It shouldn’t assuming that you stick to the same precision (if bound by pixels, stay to that). It is just a different way to defining the same thing.
Given the move towards differentiable programming, why not use complex-valued weights instead of real-valued weights?
Complex functions, if differentiable, are infinitely differentiable—and complex numbers represent rotation and scaling more succinctly than real numbers and so should require fewer parameters in a model?
Does anyone know the name of the extension for atom that does the search function Jeremy just did in VSC?
So far I’ve been using ‘find in folder’ but this functionality looks pretty neat.
Now it’s just predicting the same class that the largest bounding box has for a particular image, with resnet34.
Later in the notebook, they just run a regression with 4 outputs for x1, y1, x2 and y2, again with the same resnet34.
Even later, they combine classification and regression in a single model with 4 + number_of_categories outputs and create a custom loss that breaks the outputs into classification and regression parts and applies L1 and cross-entropy losses to these parts.
If small squishing doesn’t hurt classification too much, why not include a small random squish in default data augmentation? Has this been tried?
hi @jeremy, do you have any experience with AMD ryzen cpu’s for deeplearning box (as oppose to Intel i5/i7)?
pdb, if anyone in the middle of debugging (
pdb.set_trace()) and accidentally hit Shift+Enter (command for running a notebook cell) without quitting the debugging session properly (i.e. quit during debugging session), one will get stuck in that cell “forever”. I usually have to restart the notebook at this point. Does anyone know any way to exit the debugger at this situation without restart and re-run everything?
It’s what they use in the object detection papers, IIRC.
Thanks for that! It would be great to edit the top post (it’s a wiki post) to include this information there directly, if you (or anyone else) have a moment.
Yes it can do - it depends on what the neural net finds easier to model. I haven’t experimented with both - could be an interesting thing for participants in this course to study and write up!
Just finished watching the lesson, some questions or points:
- I don’t know if it’s just me, but calling open_image using IMG_PATH/something with Pathlib on windows 7 is giving me some problems (TypeError: bad argument type for built-in operation), but when I do str(IMG_PATH)+’/’+something it works well. Surprisingly, it’s fine if I don’t call open_image, for example using PATH/“something” for the jsons at the beginning. Might be something else entirely.
- Just a SMALL INSIGNIFICANT thing but I’m kinda autistic it’s “vice versa” and not “visa versa”, but who cares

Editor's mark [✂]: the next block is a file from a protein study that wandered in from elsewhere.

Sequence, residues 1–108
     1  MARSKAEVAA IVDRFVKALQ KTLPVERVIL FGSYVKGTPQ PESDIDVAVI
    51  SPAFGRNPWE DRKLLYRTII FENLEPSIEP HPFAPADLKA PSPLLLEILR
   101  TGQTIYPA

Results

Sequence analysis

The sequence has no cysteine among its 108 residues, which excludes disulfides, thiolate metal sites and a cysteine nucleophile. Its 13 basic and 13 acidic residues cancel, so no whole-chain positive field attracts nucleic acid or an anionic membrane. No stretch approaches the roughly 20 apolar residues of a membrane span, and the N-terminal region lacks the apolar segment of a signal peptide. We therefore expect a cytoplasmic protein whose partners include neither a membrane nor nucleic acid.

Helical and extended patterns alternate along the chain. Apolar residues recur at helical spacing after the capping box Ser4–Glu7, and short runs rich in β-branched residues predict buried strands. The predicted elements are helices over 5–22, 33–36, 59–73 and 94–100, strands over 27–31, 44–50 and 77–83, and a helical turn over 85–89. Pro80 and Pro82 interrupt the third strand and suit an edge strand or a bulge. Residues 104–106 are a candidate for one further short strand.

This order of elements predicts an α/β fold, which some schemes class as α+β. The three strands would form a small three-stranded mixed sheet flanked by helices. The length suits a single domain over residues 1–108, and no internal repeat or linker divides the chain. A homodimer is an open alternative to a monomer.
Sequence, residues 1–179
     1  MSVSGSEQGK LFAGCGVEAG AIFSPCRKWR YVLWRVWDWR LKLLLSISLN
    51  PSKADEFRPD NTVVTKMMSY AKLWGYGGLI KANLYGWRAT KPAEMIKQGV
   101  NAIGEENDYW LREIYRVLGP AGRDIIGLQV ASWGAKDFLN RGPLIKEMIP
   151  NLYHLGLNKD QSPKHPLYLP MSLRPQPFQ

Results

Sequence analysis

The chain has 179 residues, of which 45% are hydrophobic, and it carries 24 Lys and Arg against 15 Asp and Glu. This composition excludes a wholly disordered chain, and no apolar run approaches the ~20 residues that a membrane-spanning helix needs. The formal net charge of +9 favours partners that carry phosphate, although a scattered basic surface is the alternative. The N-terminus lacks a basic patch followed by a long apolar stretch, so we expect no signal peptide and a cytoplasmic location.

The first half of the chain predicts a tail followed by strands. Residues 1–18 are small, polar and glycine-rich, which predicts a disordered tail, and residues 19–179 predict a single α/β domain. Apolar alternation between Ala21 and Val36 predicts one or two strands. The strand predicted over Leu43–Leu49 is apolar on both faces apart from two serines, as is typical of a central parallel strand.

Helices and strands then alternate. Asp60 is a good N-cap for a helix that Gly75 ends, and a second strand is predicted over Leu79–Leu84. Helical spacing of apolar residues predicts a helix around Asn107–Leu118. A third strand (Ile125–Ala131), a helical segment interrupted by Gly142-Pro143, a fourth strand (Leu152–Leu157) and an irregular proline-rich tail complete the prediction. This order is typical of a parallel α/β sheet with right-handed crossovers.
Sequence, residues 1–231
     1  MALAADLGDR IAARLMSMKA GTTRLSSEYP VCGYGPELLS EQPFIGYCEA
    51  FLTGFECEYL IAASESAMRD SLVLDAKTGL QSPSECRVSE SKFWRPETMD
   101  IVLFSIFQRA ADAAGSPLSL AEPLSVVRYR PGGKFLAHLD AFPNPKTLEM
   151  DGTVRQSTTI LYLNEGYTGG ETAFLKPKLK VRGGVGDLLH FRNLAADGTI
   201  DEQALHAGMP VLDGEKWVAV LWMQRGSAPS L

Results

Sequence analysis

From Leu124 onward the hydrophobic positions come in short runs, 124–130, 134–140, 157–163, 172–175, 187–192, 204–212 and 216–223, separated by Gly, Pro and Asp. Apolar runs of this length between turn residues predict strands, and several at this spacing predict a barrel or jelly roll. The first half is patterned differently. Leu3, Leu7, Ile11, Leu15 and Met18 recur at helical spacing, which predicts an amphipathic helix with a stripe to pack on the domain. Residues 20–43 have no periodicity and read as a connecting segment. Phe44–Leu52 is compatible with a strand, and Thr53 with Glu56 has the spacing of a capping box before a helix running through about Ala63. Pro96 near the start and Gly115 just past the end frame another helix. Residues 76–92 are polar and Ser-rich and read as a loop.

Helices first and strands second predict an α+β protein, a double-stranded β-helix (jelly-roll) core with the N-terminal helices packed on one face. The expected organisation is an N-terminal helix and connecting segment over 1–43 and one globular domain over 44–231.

- Can’t use md either on Windows, but I think I remember somebody already found a fix, and I’ll go look for it now!
- What about images in which NO object is there / NO object should be detected?
- Another very quick question about a problem a bit more complex than simple classification: I want to classify an object, for which I have multiple views (not always the same number of views). How should a problem like this be tackled, in principle? Single frame classification (one label per frame) and some kind of “traditional” ensemble approach, multiframe classification (one label for object), some mix (CNN+RNN? How else?) ?
Yes in fastai.transforms you’ll see there is a
RandomRotateZoom class that sometimes will call
stretch_cv. I wrote it ages ago and haven’t updated it to handle y-transforms, but you could easily fix it up, or just add a
RandomStretch transform following the
RandomRotate class for sample code. I’d be happy to take a PR that does this FYI.
I still couldn’t understand what were we training?
Since we already had the images, their classes, bbox coordinates as well, so Jeremy plotted them using Matplotlib in a cool way,
So what was the training done for?(sorry if it’s noobish but I still can’t get the intuition behind doing so)
Probably It’s answered here
The pascal-multi notebook seems to be inspired by YOLO, segmenting the pictures in a similar way. But the notebook from yesterday did just try to look at only the largest objects, no YOLO-like segmentation.
In this case, we already had the bbox coordinates with us,
What would be the way to generate them on a personalized dataset?
I think (not sure ) it can be done using the V1 cmap technique, and get the dimensions from the cmap region or its done using Image Segmentation?
In short, the following 4 parameters (x1, y1, x2, y2) is what we are training for and trying to predict for the validation set !
Somebody who knows better, please correct me here if I’m wrong.
Yes, but we only use them for the training set. And, we compare/validate them for the validation set. Hope that clarifies.
Completely forgot about validation and test sets…
It all makes sense now…
Thanks for replying
Hi @ecdrib. I have the same problem. Will you share your understanding?
I am also very interested to try pytorch/fastai on windows.
Haven’t try it yet, but this is seems what you are looking for :
Howto: installation on Windows
Then what’s the loss function or the metric involved then?
Is it Area of the two boxes then?